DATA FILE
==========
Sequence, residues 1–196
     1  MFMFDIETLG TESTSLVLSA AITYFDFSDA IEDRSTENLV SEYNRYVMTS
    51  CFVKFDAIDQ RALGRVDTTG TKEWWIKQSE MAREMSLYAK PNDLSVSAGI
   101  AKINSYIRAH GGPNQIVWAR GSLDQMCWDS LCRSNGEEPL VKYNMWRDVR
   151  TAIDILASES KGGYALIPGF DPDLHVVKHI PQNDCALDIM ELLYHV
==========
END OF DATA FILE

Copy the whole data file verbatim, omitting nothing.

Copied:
Sequence, residues 1–196
     1  MFMFDIETLG TESTSLVLSA AITYFDFSDA IEDRSTENLV SEYNRYVMTS
    51  CFVKFDAIDQ RALGRVDTTG TKEWWIKQSE MAREMSLYAK PNDLSVSAGI
   101  AKINSYIRAH GGPNQIVWAR GSLDQMCWDS LCRSNGEEPL VKYNMWRDVR
   151  TAIDILASES KGGYALIPGF DPDLHVVKHI PQNDCALDIM ELLYHV